In the Journals

Episiotomy procedures decline among vaginal deliveries

Episiotomy rates dropped over a six-year period, possibly because two organizations recommended against their use, including the American Congress of Obstetricians and Gynecologists in 2006 and the National Quality Forum in 2008, according to a recently published study.

“These observations suggest nonmedical factors are related to episiotomy,” the researchers wrote.

Alexander M. Friedman

Alexander M. Friedman, MD, of the department of Obstetrics and Gynecology at Columbia University College of Physicians and Surgeons, and colleagues, used an all-payer database at more than 500 hospitals to assess the rate of episiotomies in women who underwent vaginal deliveries between 2006 to 2012. They excluded women whose deliveries included shoulder dystocia, fetal distress and fetal heart rate abnormalities because these conditions could indicate episiotomy.

Out of 2,261,070 women who were hospitalized for vaginal deliveries, 325,193 women underwent episiotomy (14.4%, 95% CI, 14.4%-14.5%). Results demonstrated episiotomy rates decreased between 2006 (17.3%; 95% CI, 17.2%-17.4%) and 2012 (11.6%; 95% CI, 11.5%-11.7%).

Demographic characteristics were associated with whether women underwent episiotomies. The rate of white women who had episiotomies was 15.7% (95% CI, 15.6%-15.8%) vs. 7.9% of black women (95% CI, 7.8%-8%). Moreover, 17.2% (95% CI, 17.1%-17.3%) of women with commercial insurance received episiotomies compared to 11.2% (95% CI, 11.1%-11.3%) of those with Medicaid. Rural hospital location and hospital teaching status were also associated with fewer episiotomies.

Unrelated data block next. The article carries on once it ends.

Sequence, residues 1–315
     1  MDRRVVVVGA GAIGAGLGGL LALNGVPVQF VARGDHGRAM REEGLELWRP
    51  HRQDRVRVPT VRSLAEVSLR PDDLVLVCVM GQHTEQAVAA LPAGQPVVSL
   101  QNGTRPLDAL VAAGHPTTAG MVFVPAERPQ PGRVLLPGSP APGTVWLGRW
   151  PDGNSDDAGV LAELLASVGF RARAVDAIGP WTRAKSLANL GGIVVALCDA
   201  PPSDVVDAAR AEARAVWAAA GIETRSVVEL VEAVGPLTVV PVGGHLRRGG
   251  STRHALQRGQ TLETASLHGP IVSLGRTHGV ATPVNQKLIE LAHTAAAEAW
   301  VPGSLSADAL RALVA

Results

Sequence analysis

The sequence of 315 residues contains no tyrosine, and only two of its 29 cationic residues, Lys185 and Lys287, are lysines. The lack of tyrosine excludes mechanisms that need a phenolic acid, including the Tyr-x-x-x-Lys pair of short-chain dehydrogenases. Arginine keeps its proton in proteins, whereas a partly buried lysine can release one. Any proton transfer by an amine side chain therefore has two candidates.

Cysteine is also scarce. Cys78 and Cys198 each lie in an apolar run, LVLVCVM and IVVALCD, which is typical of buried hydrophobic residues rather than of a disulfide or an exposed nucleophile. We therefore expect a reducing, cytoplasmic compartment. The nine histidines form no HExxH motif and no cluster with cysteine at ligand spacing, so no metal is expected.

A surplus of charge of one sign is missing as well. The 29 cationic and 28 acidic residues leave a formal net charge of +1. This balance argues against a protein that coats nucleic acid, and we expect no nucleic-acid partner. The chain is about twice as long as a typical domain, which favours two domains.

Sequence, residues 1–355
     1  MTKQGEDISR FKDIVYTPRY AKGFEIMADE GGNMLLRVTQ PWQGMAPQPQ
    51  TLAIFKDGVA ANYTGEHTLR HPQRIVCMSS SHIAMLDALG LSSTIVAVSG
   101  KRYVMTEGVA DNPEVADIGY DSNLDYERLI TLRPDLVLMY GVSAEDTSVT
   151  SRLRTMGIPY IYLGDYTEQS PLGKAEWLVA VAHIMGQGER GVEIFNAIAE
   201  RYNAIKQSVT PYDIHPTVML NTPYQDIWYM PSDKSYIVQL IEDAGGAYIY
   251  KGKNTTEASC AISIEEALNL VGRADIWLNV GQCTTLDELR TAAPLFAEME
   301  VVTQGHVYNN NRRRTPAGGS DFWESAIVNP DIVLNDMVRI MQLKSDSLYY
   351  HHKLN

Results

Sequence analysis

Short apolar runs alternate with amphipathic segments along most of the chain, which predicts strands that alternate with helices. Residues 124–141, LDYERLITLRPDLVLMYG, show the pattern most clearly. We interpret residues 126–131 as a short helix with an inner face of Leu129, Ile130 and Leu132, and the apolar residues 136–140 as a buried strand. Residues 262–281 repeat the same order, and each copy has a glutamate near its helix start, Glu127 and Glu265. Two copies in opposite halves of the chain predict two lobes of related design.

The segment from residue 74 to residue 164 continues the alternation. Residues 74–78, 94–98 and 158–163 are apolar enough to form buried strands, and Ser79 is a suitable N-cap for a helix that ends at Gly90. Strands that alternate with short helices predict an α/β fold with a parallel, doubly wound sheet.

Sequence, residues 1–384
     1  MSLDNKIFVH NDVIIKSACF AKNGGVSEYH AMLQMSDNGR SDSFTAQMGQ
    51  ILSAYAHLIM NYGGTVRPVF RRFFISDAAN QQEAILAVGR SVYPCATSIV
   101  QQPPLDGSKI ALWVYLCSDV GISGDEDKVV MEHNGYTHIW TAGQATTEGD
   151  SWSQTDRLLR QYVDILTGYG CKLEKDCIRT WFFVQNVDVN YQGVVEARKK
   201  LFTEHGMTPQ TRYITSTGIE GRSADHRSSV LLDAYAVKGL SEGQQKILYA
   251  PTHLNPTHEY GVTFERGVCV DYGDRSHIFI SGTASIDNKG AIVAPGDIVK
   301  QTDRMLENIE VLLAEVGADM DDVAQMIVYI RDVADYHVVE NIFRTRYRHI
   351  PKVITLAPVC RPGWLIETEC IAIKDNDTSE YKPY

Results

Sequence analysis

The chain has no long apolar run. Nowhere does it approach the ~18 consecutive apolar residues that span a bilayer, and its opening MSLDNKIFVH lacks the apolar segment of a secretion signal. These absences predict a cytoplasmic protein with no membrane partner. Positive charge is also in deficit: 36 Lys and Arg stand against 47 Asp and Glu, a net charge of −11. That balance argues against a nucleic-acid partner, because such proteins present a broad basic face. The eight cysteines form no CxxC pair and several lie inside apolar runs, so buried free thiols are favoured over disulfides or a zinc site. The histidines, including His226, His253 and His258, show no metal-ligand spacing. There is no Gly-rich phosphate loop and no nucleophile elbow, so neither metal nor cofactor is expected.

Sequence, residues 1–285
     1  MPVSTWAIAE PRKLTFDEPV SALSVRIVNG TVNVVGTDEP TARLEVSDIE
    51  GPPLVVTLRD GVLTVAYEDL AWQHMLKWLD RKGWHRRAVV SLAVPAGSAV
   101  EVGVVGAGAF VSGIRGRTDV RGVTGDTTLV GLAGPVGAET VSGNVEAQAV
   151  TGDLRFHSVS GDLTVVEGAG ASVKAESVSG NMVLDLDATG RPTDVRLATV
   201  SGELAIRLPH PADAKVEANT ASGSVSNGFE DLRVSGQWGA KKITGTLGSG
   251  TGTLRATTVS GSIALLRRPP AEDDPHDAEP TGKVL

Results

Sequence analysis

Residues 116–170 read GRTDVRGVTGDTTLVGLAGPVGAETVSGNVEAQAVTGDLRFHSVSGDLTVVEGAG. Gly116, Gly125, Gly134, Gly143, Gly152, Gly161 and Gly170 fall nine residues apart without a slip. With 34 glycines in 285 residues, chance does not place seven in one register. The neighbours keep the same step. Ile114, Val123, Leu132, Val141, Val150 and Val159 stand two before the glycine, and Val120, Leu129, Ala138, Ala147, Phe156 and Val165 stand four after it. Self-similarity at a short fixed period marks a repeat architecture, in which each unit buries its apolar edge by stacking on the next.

“While episiotomy use is less common, it is still a commonly used obstetrical procedure.  While it should only be performed for specific clinical indications, there are many hospitals where routine use appears common,” Friedman told Healio Family and Internal Medicine.

Disclosure: The researchers report no relevant financial disclosures.

Episiotomy rates dropped over a six-year period, possibly because two organizations recommended against their use, including the American Congress of Obstetricians and Gynecologists in 2006 and the National Quality Forum in 2008, according to a recently published study.

“These observations suggest nonmedical factors are related to episiotomy,” the researchers wrote.

Alexander M. Friedman

Alexander M. Friedman, MD, of the department of Obstetrics and Gynecology at Columbia University College of Physicians and Surgeons, and colleagues, used an all-payer database at more than 500 hospitals to assess the rate of episiotomies in women who underwent vaginal deliveries between 2006 to 2012. They excluded women whose deliveries included shoulder dystocia, fetal distress and fetal heart rate abnormalities because these conditions could indicate episiotomy.

Out of 2,261,070 women who were hospitalized for vaginal deliveries, 325,193 women underwent episiotomy (14.4%, 95% CI, 14.4%-14.5%). Results demonstrated episiotomy rates decreased between 2006 (17.3%; 95% CI, 17.2%-17.4%) and 2012 (11.6%; 95% CI, 11.5%-11.7%).

Demographic characteristics were associated with whether women underwent episiotomies. The rate of white women who had episiotomies was 15.7% (95% CI, 15.6%-15.8%) vs. 7.9% of black women (95% CI, 7.8%-8%). Moreover, 17.2% (95% CI, 17.1%-17.3%) of women with commercial insurance received episiotomies compared to 11.2% (95% CI, 11.1%-11.3%) of those with Medicaid. Rural hospital location and hospital teaching status were also associated with fewer episiotomies.

“While episiotomy use is less common, it is still a commonly used obstetrical procedure.  While it should only be performed for specific clinical indications, there are many hospitals where routine use appears common,” Friedman told Healio Family and Internal Medicine.

Disclosure: The researchers report no relevant financial disclosures.